Franschhoek:  Babel, Pierneef à La Motte, The Tasting Room

Other: DW Eleven-13, Hartford House, Restaurant Mosaic

We called our first Top 10 Restaurant list the Taste Monitor, doing a count of the number of times a Top 19 Eat Out restaurant has been featured in Taste magazine this year, of which Mrs Donnelly is the Food editor, to show which chefs she is partial to.  It is no surprise that Chef Luke Dale-Roberts wins, having been featured in every issue, and he would be the only restaurant on the Top 10 list on this basis, all other Top 19 restaurant contenders having only been featured once or twice, if at all, in the past year. Advertising for La Motte, Delaire Graff, and Makaron restaurants has appeared in the magazine this year, as well as a promotion for Delaire Graff.

Another criterion would be the Trend to Foraging, Ethical sourcing, and Vegetable and Herb Gardening, and the following restaurants would feature on this list, in no particular order, based on our knowledge and what the restaurant websites claim:  Pierneef à La Motte, Delaire Graff, Overture, Babel, The Tasting Room, The Greenhouse, Planet Restaurant, Makaron, and Hartford House.

To compile the Top 10 Restaurant List, we have had to put ourselves into Mrs Donnelly’s shoes: she will have chosen her favourites and those that she has had links to, having shown her bias in judging restaurants this year and last year.  The hardest part is to decide which of her existing Top 10 favourites will have to fall off the existing Top 10 list to make way for others. No offence is meant by any exclusions, and is purely based on speculation:

*  The Test Kitchen – there is no doubt that The Test Kitchen will be named Top Restaurant and Luke Dale-Roberts as Top Chef, on the basis of the monthly shoot at his restaurant for Taste magazine alone. 74th position on The World’s 50 Best Restaurants list. Speaker at Eat Out Conference. Restaurant booked up to 3 months ahead. Oddly described as serving Tapas by Eat Out, maybe confusing it with The Pot Luck Club?

*   Pierneef à La Motte Chef Chris Erasmus showed that he strives for excellence in spending one month working at Noma, the world’s best restaurant, has the most fabulous vegetable and herb garden filled with unusual vegetables, herbs, and edible flowers, collegially sharing the produce with other restaurants in Franschhoek and Stellenbosch, has excellent wines on its winelist, and proudly focuses on local cuisine. Superb interior, reasonable value.  Culinary Manager Hetta Van Deventer-Terblanche is speaking at the Eat Out Conference, and La Motte has advertised in Taste magazine. Service deficiencies would lose the restaurant some points.

*   Makaron Restaurant Chef Tanja Kruger is a member of the SA Culinary Olympic Team, spent a month working at Michelin-star L’Apèrge restaurant in Paris this year, has a vegetable and herb garden at Majeka House, and sources meat from Farmer Angus at Spier. Mrs Donnelly was a consultant to the restaurant, designing its first menu last year, and named the restaurant the inaugural winner of the Boschendal Style Award 2011, making it a model Eat Out restaurant!  Sommelier Josephine Gutentoft adds to the quality offering. Good ambiance.  Placed advertisement in Taste magazine this year.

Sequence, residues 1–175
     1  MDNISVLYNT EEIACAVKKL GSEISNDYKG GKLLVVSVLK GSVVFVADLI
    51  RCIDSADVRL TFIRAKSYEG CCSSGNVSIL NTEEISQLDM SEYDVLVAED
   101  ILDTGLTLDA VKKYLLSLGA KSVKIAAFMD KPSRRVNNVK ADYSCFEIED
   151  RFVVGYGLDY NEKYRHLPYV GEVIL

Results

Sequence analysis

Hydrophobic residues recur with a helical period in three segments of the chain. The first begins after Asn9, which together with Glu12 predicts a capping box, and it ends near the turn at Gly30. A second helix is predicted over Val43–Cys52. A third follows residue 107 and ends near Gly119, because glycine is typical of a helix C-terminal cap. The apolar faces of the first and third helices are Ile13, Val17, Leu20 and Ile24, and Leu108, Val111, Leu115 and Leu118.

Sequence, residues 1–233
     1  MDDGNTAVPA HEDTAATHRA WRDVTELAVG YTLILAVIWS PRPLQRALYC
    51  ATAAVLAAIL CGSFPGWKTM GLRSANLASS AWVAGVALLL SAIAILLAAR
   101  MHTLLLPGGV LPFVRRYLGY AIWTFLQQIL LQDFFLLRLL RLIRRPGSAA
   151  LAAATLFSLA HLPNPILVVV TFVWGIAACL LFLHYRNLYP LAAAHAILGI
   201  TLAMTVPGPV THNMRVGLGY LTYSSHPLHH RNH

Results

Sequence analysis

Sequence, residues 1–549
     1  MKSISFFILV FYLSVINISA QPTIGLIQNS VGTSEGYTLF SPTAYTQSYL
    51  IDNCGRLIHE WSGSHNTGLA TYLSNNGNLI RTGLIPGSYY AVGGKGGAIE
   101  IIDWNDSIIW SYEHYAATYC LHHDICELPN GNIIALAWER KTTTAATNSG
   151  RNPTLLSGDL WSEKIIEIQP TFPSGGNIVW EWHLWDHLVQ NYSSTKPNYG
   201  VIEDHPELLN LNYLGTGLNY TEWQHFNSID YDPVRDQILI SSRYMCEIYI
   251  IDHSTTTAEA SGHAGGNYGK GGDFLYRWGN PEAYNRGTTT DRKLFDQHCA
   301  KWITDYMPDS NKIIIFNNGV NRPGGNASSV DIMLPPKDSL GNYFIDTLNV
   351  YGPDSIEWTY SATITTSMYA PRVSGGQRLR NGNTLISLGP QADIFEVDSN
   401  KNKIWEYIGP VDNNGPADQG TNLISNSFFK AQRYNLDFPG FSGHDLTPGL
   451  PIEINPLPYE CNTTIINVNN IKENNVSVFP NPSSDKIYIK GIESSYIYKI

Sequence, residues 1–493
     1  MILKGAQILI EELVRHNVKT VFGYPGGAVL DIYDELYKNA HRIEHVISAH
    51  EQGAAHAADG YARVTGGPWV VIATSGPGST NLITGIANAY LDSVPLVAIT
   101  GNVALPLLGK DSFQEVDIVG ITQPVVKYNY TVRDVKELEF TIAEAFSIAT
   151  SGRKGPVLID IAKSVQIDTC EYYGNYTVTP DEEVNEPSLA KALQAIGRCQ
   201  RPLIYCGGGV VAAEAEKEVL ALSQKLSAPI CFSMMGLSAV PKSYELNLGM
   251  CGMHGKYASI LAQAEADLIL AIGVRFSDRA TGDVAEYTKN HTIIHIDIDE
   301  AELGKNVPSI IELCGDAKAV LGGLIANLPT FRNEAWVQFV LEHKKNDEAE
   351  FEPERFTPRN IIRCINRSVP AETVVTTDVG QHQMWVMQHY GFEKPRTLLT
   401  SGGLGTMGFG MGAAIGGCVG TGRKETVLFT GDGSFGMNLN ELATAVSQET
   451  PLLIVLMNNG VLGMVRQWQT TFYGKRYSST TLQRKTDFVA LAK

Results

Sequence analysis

*   Babel at BabylonstorenConsultant Maranda Engelbrecht has created a restaurant that is booked out two months in advance, and has created a most unusual food concept of same-colour salads, consisting of fruit, vegetables and herbs, grown in their enormous French-inspired garden. Chef Simone Rossouw worked at a Dutch restaurant for a while earlier this year. Owner Karen Roos has impeccable decor taste, very less-is-more.  First wine vintage launched, and very Proudly Simonsberg wines.  Good value, service strained when busy.

* Tokara Chef Richard Carstens deserved a Top 10 place last year, but was shockingly left off the list, perhaps because there was a fear that he would not last at the restaurant. He has proven Mrs Donnelly very wrong. One of our most creative chefs, and constantly reinventing himself and his team.  Seasonal focus.  Exceptional presentation.  Very professional service, with sommelier service.  Winner of best Winelands Restaurant in Great Wine Capitals Global Network awards second year running.

*   The Greenhouse Chef Peter Tempelhoff is understated and low key, just getting on with what he does best. Own vegetable garden on the hotel estate, knowledgeable about wines, Chef Peter making wines with Adam Mason.  One of only two Relais & Châteaux Grand Chefs in South Africa, awarded to Chef Peter earlier this year. Named Top Eat Out Restaurant last year.  Service can be arrogant. Fun interpretation of restaurant name in dishes. Expensive. Sommelier service. Innovative 7-course Dom Perignon Tasting Menu introduced today.